WASHINGTON (AFP) – The United States has piled pressure on Iran ahead of key nuclear talks, demanding full access to Tehran’s newly revealed uranium plant and denouncing “provocative” new missile tests.
“This is an important day, and an important week for the Iranians, they have decisions to make,” said White House spokesman Robert Gibbs, in the run-up to Thursday’s meeting in Geneva between world powers and Iran.
Russia, meanwhile, expressed concern at test-firings by Iran’s Revolutionary Guards of surface-to-surface Sejil and Shahab-3 missiles, both of which Tehran says are capable of hitting targets in Israel.
It was the latest sign of a common concern over Iran between Russia and the United States, following talks between Russian President Dmitry Medvedev and US President Barack Obama in New York last week.
Gibbs argued that the world had never been more united on challenging Iran’s nuclear program, and Tehran never more alone, attempting to play on the apparently increasing isolation facing the Iranians over their nuclear program.
Washington demanded Tehran throw open the previously secret uranium enrichment plant buried in a mountain near the holy city of Qom, to International Atomic Energy Agency (IAEA) inspectors. Facts: Iran’s missile arsenal
“They can… agree to immediate, unfettered access. I think that would be the least that they can do,” Gibbs said.
“I don’t believe that there’s ever been as broad and as deep a consensus about addressing the concerns that we have right now.”
The White House and the State Department also strongly condemned Iran’s latest missile tests.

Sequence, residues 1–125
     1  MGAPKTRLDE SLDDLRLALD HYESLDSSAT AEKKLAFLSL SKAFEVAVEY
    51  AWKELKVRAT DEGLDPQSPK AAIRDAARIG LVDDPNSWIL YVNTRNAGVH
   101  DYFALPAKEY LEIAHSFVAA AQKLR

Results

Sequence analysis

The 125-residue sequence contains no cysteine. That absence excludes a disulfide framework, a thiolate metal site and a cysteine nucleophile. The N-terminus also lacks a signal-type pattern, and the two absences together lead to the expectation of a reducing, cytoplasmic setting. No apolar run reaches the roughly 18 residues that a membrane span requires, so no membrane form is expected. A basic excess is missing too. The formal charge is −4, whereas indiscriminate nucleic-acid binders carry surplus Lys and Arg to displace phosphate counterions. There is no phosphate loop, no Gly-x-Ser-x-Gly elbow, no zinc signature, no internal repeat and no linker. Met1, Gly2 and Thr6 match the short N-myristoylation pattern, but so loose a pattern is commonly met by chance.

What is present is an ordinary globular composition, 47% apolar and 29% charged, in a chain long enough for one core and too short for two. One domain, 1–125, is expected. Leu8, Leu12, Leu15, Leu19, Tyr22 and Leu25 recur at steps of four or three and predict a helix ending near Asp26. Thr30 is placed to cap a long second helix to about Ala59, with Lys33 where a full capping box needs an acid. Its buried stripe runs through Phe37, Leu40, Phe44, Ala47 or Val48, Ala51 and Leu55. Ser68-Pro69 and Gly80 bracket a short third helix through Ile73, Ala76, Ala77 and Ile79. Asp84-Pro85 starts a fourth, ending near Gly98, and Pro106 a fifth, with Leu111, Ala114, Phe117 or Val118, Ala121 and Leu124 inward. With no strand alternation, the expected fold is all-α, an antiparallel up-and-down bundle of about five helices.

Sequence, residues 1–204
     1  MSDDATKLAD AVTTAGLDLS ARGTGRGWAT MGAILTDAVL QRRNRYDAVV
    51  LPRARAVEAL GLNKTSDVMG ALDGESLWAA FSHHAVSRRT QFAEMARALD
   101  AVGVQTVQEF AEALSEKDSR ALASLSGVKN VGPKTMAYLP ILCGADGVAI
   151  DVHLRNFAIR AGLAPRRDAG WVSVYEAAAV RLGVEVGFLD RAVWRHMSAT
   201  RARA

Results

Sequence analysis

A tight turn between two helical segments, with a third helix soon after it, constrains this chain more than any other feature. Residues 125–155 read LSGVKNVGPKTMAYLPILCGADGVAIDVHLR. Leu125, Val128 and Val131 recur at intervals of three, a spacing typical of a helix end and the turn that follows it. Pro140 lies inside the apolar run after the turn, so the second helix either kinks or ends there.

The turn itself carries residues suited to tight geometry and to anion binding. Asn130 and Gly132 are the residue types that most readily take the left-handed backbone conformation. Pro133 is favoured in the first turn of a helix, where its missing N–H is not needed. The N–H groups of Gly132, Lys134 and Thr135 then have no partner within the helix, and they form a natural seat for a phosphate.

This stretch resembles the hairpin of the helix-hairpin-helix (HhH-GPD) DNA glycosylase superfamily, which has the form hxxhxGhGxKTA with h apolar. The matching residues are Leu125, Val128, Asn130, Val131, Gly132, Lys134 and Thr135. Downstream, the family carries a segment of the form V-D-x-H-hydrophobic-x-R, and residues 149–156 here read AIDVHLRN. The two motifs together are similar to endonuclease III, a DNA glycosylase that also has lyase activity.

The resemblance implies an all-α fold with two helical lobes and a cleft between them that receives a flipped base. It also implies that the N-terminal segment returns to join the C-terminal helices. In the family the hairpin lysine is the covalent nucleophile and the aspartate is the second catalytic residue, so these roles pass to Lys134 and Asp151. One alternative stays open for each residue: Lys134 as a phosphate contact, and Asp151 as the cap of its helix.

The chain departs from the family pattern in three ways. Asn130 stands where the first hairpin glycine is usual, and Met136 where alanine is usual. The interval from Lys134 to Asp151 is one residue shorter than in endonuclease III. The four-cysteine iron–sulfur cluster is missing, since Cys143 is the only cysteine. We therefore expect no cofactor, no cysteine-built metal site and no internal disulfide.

State Department spokesman P.J. Crowley said the tests were “not helpful at all.
“To the extent that Iran wants to continue to act more like a police state or a military state than a constructive player in the region, it just will further isolate Iran.”
Gibbs said: “I would lump any of these into the provocative nature with which Iran has acted on the world stage for a number of years.” He added, however, that the tests appeared pre-planned and not directly related to the Geneva talks.
He said they validated Obama’s decision to switch from a missile defense system in Eastern Europe targeting long-range Iranian missiles to a program concerned more with short and medium range Iranian ballistics.
Crowley warned that Iran would fail, if its motivation was to try to influence Thursday’s P5-plus-one talks between Iran’s top nuclear negotiator Saeed Jalili and the permanent five members of the UN Security Council plus Germany.
“It just will further isolate Iran, and you’ll continue to see greater international consensus for additional steps, including sanctions against Iran.
“This provocative behaviour did not work for North Korea, it’s unlikely to work for Iran.”
Russia also expressed concern over the Iranian missile tests.
“It is not prohibited by any international agreement, but of course when missile launches occur on top of the unresolved situation surrounding Iran’s nuclear programme, it’s worrying,” Russia’s Foreign Minister Sergei Lavrov said, according to news agencies.
Another key player is China, which has yet to match Medvedev’s hint that tough new sanctions might be necessary, should Iran not meet foreign concerns.
The top US diplomat handling Asia said that Beijing was coming around on the need for tougher action against Iran, after talks last week between Chinese and US officials on the sidelines of the Group of 20 summit in Pittsburgh.
“For the first time, really, the Chinese supported elements of our tough approach on the P5-plus-one,” said Kurt Campbell, assistant secretary of state for East Asian and Pacific affairs.
Talk of more sanctions has been swelling ahead of the Geneva meeting between Iran, the United States, Russia, China, Britain, France and Germany in Geneva.
But Iran has so far been defiant and Iranian armed forces chief of staff General Hassan Firouzabadi on Monday dismissed Israeli threats out of hand.
“Israel is a paper tiger and when they say that Israel is going to attack Iran it is a bluff,” Firouzabadi said, quoted by the Mehr news agency.
Tehran admitted last week building a uranium enrichment plant at the Qom site, its second after a facility in Natanz, in defiance of repeated UN demands for a halt to all enrichment activities until the IAEA can vouchsafe that they are entirely peaceful, as claimed by the Islamic republic.
Enriched uranium can be used to make nuclear fuel, but also the fissile material for an atomic bomb.